Highlights 2 Owners
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Forest Lakes Domestic Water Improvement District

Your Water District

The Forest Lakes Domestic Water Improvement District (the District) was created under Arizona Revised Statutes Title 48 in 1992 by the Coconino County Board of Supervisors. This transformed the District from an improvement district owned by the County and operated by the Forest Lakes Estates Homeownerís Association, to a political subdivision of Coconino County governed by an elected Board of Directors.

The Board of Directors is comprised of five Members: Ben Purtymun Chairman, John McKnight Vice Chairman, Mary Hume Secretary, Karen Foncannon Treasurer and Paul Studer as Member at Large.

The Board of Directors meet at the Water District Office the third Thursday of each month at 11 A.M. with possible Work Sessions one-hour prior. The public is invited and encouraged to attend these meetings. Please check the posting boards or call the District Office to find out if there will be a Work Session.

There are three full-time employees at the District. They are: Don Wilson, Operations Manager, Cheryl Kight, Administrative Assistant and Mike Mead, Water Maintenance Worker. Jan Davis serves as the part-time Clerk.

The Office hours for the district are 8:00 A.M. to 2:00 P.M., Monday through Friday.

Forest Lakes DWID
4 Merzville Road
P. O. Box 1776
Forest Lakes, AZ 85931-1776
E-mail: fldwid@frontiernet.net
Office: 928-545-5438
Fax: 928-535-5289

Please email any comments and/or concerns and we will respond.

The telephone number for the District office is 928-535-5438. In case of an after-hours emergency, call this number and follow the instructions contained on the message. DO NOT call individual Board Members, as this will simply delay response time.

Water District Five Year Plan

The Water District Board of Directors has developed a five-year plan that establishes the Mission, Vision and Values of the District, as well as specific goals and Objectives. 

Just a Little History

The Snow Well and the P. O. Well were drilled in 1972 for the Forest Lakes Domestic Water Improvement District (FLDWID). In 1982 the St. Joe Well was drilled. In 1984, as part of the Bond Issue, the St. Joe well house was built and the transmission main from the St. Joe Well to Forest Lakes was put in place. The Y2K Well was drilled in 2000 on U.S. Forest Service land in the St. Joe corridor.

In 2005 SCADA (Supervisory Control and Data Acquisition) was installed. SCADA is critical to the safe, reliable and efficient operation of potable water systems. It is used for monitoring and controlling remote equipment and resources to provide greater efficiency. It allows for lower operational costs and better use of human and financial resources as well as giving the District the ability to be proactive rater than reactive.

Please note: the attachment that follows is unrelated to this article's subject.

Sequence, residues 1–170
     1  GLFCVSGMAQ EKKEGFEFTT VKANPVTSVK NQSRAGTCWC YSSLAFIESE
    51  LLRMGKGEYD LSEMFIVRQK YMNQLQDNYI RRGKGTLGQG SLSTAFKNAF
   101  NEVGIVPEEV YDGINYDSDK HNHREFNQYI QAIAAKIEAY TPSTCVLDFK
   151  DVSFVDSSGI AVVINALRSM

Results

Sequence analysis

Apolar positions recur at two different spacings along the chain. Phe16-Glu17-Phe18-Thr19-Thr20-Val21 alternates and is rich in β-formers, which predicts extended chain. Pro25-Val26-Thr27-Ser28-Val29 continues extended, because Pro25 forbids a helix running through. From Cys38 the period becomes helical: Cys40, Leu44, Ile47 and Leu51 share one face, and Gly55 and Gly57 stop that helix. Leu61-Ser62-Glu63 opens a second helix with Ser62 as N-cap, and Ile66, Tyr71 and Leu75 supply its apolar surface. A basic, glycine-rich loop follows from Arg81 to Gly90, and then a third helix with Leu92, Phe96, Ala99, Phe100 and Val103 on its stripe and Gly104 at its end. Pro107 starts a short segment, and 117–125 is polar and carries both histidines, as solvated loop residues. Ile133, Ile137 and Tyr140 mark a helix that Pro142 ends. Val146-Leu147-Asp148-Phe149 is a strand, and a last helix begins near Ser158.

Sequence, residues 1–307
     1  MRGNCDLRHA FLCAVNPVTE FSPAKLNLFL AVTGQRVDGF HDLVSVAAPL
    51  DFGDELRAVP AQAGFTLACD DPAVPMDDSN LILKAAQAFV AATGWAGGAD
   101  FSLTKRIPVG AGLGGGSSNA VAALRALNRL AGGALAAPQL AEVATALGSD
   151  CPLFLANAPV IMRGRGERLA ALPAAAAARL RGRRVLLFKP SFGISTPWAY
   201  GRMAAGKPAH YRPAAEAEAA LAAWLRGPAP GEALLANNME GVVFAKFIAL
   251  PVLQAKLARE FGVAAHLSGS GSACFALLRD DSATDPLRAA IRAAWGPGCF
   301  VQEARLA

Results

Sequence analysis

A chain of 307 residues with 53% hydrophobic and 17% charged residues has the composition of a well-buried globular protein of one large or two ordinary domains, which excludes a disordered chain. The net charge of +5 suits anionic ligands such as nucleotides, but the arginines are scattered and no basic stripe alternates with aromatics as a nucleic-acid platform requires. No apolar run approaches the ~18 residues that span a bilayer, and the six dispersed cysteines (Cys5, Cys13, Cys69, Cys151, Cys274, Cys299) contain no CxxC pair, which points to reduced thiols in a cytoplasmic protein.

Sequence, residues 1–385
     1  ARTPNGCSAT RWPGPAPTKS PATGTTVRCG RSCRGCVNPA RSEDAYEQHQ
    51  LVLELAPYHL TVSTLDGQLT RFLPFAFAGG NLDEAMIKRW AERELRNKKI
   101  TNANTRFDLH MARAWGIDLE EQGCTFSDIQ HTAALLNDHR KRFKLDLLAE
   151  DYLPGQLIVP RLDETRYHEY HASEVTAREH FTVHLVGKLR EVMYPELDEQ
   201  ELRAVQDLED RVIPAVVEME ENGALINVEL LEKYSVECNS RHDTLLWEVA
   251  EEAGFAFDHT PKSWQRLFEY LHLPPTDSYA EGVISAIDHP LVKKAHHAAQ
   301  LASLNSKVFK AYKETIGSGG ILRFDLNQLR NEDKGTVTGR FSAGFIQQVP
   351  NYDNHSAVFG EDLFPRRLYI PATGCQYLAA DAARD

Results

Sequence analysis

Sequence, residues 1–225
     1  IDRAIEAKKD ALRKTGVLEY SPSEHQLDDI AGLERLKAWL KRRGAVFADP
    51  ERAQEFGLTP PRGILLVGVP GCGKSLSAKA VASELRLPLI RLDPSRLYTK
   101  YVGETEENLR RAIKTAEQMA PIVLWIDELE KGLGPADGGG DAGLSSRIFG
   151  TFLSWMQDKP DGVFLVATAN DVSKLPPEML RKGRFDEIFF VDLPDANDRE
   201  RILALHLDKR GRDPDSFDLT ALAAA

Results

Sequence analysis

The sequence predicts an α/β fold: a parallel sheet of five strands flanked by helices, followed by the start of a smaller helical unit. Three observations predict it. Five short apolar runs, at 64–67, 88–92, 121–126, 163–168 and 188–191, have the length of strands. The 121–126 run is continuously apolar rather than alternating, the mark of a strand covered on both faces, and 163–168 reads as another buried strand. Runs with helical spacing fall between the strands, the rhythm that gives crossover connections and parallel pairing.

At the 2004 Technical Conference of the Arizona Small Utilities Association, attended by 132 agencies, a blind taste test was held of water samples brought by these agencies. At the conclusion of the testing Forest Lakes DWID received the Crystal Goblet Award as the best tasting water. FLDWID continued to receive this award for three years.

All members of the community are invited to visit the water district office to view these awards.

Water Tips
That Save Water

  • Do not apply water faster than the soil can absorb it.

  • Group plants on separate valves according to water needs. Irrigate trees and large shrubs for a longer time and less frequently than small, shallow rooted plants.

  • If dry areas appear between scheduled irrigations, do not turn on the valve/station, but hand water. The dry spot may be caused by an equipment failure, poor design, maintenance practices, soil conditions, or a plant that is in the wrong location. Usually, lack of water is not the problem.

  • If hand watering, use a nozzle with a gentle rain setting.

  • When watering by hose, use a kitchen timer as a reminder to turn off the water.

1,000 gallons of water can run through an outdoor hose in an hour! So, itís no wonder so much water is wasted outdoors.

Plants donít save
Proper maintenance and
Scheduling does!!!

Water is a limited resource. Use it wisely!!!

Wise Water Facts

When landscaping, use plants native to your area since they can normally survive on rainfall alone. Design your landscape with zones that group plants with similar water needs for easier and more efficient watering.

Outdoor Water Saving Tips

Hoses and Irrigation Systems:

Use a hose nozzle that can be shut off. To avoid leaks, shut off water at the house when finished.
Check irrigation systems for leaks. Repair, replace or adjust sprinkler heads as needed.

Lawn & Garden:

  • Water slowly and thoroughly when itís cool and not windy. Water as little as possible.

  • Let grass grow taller in hot weather. Use mulch in the garden and around shrubs to save moisture.

  • Plant native plants and shrubs that donít need a lot of water. Consider alternatives to big, thirsty lawns.

Signs of Overwatering:

  • Ponding or soil is constantly damp.

  • Leaves turn yellow or a lighter shade of green.

  • Young shoots are wilted.

  • Leaves are green yet brittle.

  • Algae and mushrooms are growing.

Signs of Under-watering:

  • Soil is dry.

  • Older leaves turn yellow or brown and drop off.

  • Leaves are wilted.

  • Leaves curl.


Revised: 02 Oct 2008